Analysis of the University of Alberta Hospital Study Results

From the medical perceptions offered, it was expected that patients who received CMP therapy would have quicker knee functional recovery than their counterpart. However, after six months, the recovery period seemed not to have been dissimilar. Additionally, the three samples highlighted patients who had poor, average, as well as good ROM. From the survey, it is evident that SB does not reduce inpatient recovery time. The short-term advantages such as fewer manipulations or reduced readmissions associated with the use of SB as indicated in other studies were also not evident in this study. Over the 60-day period, patients who received GPM had individuals with poor, average, as well as improved knee flexing rotation. Additionally, the same can be said about patients who received SEs for recovery. Subsequently, this study indicates that CMP or SB had minimal or no effects on reducing inpatient period or improving knee flexing motion. After discharge, it was anticipated that patients that were placed under GPM recovery procedures would have less after surgery complications; however, the results from the survey indicated that this was not the case. All the patients who had recovery issues were discharged with poor ROMs and they were present in all categories.     

Verdict

From the study, the effects of CPM on the adjunctive range of motion therapy after primary total knee arthroplasty. However, this does not mean that the treatment procedure should be disregarded during TAK recovery. Due to the difference in results from other studies, it can be debated that long-term use of either CPM or SB therapies would produce different results.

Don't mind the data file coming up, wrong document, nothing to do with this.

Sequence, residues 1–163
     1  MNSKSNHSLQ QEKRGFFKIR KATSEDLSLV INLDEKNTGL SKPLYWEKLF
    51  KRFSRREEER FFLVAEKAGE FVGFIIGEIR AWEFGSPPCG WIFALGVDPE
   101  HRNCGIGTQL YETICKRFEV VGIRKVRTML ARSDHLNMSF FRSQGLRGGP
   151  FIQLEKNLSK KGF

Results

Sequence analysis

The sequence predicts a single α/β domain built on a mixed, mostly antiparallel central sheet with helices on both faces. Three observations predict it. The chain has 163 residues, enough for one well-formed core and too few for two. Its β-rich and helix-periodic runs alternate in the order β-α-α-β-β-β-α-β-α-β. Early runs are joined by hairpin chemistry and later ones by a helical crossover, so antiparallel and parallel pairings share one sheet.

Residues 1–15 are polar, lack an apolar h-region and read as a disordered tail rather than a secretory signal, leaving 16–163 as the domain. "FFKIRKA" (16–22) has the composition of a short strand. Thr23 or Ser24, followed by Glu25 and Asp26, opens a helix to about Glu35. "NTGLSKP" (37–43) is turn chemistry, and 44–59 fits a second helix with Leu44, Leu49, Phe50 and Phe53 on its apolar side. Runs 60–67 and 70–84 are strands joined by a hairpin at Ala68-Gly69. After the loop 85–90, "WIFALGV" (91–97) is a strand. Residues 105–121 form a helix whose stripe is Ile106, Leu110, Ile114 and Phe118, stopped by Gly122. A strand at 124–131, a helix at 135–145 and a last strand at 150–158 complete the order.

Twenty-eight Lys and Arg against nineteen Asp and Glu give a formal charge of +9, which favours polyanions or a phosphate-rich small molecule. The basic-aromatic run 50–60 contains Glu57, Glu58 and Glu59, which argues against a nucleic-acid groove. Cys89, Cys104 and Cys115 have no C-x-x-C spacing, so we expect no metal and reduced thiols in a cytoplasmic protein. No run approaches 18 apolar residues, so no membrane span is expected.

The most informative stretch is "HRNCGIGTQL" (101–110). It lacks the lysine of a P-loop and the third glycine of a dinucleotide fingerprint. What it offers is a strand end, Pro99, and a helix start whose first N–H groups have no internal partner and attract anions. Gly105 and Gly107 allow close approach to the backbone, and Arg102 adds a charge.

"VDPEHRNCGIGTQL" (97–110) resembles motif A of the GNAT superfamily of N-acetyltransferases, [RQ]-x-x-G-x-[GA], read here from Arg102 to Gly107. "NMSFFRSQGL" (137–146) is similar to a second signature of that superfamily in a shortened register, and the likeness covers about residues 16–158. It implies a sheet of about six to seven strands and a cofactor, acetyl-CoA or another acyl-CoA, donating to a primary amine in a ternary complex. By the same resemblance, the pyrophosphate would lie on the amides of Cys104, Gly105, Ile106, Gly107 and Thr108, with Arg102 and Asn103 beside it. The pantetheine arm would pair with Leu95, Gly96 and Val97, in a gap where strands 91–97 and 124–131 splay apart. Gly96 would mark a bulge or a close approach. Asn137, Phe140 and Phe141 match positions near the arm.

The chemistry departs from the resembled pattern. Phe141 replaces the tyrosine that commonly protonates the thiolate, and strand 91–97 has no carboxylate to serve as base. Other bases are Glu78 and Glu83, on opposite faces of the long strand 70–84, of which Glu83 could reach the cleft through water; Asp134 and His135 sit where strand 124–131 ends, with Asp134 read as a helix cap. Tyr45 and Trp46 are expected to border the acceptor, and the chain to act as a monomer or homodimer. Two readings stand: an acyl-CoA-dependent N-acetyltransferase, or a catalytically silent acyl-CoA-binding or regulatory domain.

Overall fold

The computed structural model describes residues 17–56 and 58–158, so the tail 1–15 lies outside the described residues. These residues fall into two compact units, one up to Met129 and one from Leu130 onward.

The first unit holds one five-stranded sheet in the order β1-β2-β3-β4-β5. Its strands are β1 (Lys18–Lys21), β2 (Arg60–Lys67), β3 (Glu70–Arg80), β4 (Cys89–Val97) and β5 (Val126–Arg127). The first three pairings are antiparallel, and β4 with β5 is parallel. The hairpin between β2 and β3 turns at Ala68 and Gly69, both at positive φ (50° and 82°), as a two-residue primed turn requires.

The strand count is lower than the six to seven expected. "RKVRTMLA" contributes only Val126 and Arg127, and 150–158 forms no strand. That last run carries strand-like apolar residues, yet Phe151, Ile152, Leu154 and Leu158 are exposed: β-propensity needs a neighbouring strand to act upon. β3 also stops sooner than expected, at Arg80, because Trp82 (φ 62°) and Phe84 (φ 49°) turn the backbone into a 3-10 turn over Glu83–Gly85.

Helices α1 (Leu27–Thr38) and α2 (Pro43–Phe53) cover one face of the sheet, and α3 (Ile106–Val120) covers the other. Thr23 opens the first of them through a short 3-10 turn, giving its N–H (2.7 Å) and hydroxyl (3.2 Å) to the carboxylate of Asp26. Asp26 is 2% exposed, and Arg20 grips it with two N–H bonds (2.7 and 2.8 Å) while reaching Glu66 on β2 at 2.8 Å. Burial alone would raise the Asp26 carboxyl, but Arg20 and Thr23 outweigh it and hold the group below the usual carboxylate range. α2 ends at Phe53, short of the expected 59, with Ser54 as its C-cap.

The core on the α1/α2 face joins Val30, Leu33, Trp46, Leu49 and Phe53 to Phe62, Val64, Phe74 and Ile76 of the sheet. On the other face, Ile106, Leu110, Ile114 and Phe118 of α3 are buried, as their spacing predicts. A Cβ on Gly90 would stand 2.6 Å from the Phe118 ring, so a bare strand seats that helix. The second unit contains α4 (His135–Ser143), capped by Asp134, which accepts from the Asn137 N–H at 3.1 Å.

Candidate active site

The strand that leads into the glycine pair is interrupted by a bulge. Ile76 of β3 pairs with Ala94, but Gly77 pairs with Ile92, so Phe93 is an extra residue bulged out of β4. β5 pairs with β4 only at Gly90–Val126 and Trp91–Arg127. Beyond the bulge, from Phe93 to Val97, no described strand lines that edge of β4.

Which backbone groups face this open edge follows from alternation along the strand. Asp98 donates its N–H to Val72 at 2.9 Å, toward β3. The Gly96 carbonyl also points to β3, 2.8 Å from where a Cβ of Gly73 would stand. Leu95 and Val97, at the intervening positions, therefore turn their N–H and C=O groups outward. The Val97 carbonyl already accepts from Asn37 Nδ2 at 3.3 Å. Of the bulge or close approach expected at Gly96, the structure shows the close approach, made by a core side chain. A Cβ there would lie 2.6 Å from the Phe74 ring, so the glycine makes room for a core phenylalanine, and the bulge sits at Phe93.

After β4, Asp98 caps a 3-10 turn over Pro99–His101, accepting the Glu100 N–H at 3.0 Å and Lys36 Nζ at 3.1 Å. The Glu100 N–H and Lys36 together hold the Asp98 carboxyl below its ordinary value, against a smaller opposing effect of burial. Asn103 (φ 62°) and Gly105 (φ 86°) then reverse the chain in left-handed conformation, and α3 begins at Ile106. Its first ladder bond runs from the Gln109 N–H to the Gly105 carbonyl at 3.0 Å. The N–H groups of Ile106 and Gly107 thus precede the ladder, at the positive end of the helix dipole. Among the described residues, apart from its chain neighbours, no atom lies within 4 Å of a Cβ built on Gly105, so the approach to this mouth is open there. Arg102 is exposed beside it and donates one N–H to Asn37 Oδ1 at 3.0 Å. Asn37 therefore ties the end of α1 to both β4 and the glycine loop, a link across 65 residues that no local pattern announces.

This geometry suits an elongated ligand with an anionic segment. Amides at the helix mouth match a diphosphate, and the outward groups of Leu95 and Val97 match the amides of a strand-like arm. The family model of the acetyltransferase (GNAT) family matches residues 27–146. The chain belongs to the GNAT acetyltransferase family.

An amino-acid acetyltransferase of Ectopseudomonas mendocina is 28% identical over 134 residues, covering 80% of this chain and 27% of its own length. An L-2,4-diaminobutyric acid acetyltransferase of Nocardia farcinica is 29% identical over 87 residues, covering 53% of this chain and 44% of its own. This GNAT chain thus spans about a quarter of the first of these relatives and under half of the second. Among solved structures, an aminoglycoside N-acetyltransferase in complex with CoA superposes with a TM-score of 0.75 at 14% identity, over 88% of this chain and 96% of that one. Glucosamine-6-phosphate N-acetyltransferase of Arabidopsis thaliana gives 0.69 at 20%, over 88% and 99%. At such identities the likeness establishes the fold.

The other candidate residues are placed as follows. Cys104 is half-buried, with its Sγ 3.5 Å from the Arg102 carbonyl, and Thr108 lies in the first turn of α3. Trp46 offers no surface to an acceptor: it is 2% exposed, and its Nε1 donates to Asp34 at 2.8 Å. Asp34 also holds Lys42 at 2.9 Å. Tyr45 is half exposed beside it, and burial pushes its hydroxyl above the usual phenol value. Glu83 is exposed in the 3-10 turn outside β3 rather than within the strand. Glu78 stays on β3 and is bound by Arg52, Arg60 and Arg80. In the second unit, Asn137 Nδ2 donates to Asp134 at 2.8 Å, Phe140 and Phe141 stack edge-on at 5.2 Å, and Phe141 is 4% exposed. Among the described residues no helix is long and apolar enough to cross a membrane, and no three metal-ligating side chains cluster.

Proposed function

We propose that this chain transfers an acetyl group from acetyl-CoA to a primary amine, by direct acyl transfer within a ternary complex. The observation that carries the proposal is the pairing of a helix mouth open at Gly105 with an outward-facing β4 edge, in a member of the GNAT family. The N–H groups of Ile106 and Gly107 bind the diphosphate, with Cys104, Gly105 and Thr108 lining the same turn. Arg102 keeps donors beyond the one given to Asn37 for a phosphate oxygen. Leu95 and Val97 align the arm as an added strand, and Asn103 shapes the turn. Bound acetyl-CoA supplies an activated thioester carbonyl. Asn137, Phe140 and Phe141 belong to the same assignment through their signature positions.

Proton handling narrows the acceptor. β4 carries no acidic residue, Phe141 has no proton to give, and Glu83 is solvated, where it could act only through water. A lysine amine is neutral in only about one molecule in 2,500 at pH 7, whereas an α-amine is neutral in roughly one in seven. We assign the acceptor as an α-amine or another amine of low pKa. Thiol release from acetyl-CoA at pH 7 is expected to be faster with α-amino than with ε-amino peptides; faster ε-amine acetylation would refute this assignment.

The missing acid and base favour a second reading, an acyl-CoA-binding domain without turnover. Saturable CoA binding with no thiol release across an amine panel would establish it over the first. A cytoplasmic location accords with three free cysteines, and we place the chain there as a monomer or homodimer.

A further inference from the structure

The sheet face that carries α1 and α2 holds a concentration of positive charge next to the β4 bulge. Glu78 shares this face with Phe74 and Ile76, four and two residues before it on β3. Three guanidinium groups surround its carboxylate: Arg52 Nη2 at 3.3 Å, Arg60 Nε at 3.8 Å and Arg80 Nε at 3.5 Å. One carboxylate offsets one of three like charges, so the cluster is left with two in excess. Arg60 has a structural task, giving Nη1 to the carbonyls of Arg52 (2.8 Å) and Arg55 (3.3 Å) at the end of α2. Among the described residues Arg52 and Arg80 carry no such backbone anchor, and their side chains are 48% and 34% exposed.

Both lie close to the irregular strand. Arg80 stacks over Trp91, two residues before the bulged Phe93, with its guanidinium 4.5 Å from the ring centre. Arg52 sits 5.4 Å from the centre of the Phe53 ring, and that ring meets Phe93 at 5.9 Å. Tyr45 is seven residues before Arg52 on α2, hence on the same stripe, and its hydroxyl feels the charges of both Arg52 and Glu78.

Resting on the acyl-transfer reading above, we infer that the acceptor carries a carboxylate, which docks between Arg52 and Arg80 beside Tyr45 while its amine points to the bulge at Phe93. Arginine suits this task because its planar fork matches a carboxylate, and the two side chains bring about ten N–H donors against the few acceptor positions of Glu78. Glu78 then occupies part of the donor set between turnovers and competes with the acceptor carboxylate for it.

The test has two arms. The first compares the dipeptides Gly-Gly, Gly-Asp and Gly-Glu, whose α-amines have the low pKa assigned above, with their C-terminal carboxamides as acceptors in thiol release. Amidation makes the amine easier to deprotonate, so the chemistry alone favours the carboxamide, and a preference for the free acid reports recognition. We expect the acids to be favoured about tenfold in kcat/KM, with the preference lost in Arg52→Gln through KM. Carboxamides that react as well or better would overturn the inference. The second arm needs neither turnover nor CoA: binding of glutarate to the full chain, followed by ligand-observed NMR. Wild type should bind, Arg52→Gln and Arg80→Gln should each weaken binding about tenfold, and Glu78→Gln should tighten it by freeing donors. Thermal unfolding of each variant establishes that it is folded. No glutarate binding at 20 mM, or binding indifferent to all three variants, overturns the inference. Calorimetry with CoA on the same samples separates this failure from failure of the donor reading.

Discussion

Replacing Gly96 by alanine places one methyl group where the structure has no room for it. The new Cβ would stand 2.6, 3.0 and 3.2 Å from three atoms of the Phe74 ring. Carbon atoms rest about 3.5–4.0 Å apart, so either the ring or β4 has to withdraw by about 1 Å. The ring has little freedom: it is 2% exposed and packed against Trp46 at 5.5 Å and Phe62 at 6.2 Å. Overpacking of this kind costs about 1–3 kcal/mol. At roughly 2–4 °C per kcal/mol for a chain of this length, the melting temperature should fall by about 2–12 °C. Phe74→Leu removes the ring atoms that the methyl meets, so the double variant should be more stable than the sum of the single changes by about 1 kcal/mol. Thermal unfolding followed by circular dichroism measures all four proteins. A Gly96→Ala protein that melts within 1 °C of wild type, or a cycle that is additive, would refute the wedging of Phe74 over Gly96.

Conclusion

Continuous passive motion (CPM) is employed as a standard patient recovery procedure after total knee arthroplasty (TKA). The benefits of such mechanisms are expected to reduce inpatient discharge from acute care, which is because the SB device is expected to facilitate swift knee functional recovery than when a patient is placed only on SEs. However, after reviewing the study by the University of Alberta Hospital, it can be argued that these benefits are not achievable. However, due to the difference from other studies, it can be argued that long-term use of either CPM or SB therapies would produce different results.   

Works Cited

Affatato, Saverio. Surgical Techniques in Total Knee Arthroplasty and Alternative Procedures. Elsevier Science, 2016. Internet resource.

Brugioni, Daniel J, and Jeffrey E. Falkel. Total Knee Replacement and Rehabilitation: The Knee Owner’s Manual. Alameda, CA: Hunter House, 2004.

Davies, D. M., Johnston, D. W. C., Beaupre, L. A., & Lier, D. A. (2003). Effect of adjunctive range-of-motion therapy after primary total knee arthroplasty on the use of health services after hospital discharge. Canadian Journal of Surgery46(1), 30.

Scott, Richard D. Total Knee Arthroplasty. London: Elsevier Health Sciences, 2014.